I can’t recall where I stumbled upon this awesome visualization tool, but I also blogged about it on my cliotech blog. This is the type of cool application that makes me wish I were still teaching history.
Here is the information from the developer, Chirag Mehta.
- The above tag cloud shows the popularity, frequency, and trends in the usages of words within speeches, official documents, declarations, and letters written by the Presidents of the US between 1776 – 2007 AD.
- The dataset consists of over 365 documents downloaded from Encyclopedia Britannica, ThisNation.com, and WhiteHouse.Gov.
- Once the documents have been dated and converted to plain-text, my tag-cloud-generation script goes through every text chronologically and makes a list of all the unique words that have been used and counts how many times each word is used.
- Next it identifies the different variations of words and combines them under the most common variation. E.g. "promised", "promises", "promising", and "promise" might be grouped under "promises". I use the Porter Stemming Algorithm – PHP port by Richard Heyes to find root word for variations. I wish Snowball had a non PECL PHP class.
- Then it removes the most common words like "the", "and", "this", "that" and some not so common language-specific words like "hitherto", and "notwithstanding".
- Once the commonly used language-specific words are removed, it makes a "tag cloud" in which the more commonly used words are shown in bigger font size than the less frequently used ones.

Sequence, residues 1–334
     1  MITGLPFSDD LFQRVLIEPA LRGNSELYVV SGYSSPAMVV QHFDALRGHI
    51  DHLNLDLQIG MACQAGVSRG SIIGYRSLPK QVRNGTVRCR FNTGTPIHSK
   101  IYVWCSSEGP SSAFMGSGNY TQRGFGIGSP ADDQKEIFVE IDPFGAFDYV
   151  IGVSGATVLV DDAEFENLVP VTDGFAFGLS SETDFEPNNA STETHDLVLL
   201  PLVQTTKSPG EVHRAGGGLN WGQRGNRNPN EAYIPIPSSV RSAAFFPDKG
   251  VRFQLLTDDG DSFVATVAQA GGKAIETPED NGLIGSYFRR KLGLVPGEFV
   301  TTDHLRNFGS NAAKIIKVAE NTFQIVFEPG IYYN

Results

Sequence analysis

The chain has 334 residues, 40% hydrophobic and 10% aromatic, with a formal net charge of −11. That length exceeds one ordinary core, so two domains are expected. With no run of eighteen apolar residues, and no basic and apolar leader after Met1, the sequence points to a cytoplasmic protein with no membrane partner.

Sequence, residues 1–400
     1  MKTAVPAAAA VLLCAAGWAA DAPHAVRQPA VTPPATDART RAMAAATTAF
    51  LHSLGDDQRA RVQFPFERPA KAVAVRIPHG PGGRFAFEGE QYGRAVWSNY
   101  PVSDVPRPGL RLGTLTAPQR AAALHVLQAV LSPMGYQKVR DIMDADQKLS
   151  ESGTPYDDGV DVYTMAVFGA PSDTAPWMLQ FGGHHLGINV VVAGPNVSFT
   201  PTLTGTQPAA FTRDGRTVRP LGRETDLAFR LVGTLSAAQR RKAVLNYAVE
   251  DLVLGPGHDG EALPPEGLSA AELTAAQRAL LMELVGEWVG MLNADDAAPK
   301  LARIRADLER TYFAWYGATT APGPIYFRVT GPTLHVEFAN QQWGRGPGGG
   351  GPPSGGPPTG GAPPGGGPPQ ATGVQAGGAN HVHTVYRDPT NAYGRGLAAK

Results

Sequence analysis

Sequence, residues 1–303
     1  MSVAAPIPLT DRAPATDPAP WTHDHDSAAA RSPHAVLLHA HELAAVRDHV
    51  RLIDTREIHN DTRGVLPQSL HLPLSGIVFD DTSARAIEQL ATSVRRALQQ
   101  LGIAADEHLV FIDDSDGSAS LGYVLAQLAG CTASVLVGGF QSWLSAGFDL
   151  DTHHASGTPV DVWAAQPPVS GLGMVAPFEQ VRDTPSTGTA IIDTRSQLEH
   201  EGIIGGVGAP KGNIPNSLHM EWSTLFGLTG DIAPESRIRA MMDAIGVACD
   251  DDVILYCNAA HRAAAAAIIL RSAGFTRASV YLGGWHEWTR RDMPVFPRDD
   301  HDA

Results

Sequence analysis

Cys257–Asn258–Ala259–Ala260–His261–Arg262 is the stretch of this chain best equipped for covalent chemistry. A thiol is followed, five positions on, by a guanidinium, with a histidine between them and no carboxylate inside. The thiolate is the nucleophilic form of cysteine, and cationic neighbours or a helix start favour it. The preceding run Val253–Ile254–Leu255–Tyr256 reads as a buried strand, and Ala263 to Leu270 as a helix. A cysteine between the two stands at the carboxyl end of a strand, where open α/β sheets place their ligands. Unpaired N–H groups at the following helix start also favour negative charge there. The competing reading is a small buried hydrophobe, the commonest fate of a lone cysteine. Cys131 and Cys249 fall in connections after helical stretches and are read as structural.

- Additionally, it tries to figure out how long ago a given word hit its peak usage and brightens the recently used words while fading away words haven’t been used in a while.
- Due to the lack of precise date information, I’ve had to estimate the date for some of the texts. Nevertheless, I think it gives quite a good overview of the word usage and consequently highlights the primary issues of the day.
- This aging tag cloud was created by the same algorithm that generates my personal tag cloud using the plain-text html-stripped contents from my ‘blog entries.
What a clear and visual way to examine political trends and themes over time. Not only can students make generalizations about common themes, but they can examine how the attention to those themes have waxed and waned over time.
They can make comparisons and contrasts among various periods in history. They could even use this tool along with a mapping application, like GoogleEarth, Frapper, or Google MyMaps, to geotag America’s growing "footprint" on the world stage.
Just imagine the possibilities . . . asking students to analyze the issues facing Presidents Lincoln, Roosevelt, Kennedy, Reagan, and Bush using this tool. Or, imagine asking students to create a mind map of themes that have resonated throughout different presidential terms.
Users can even download the elegant tagging application to apply to other texts.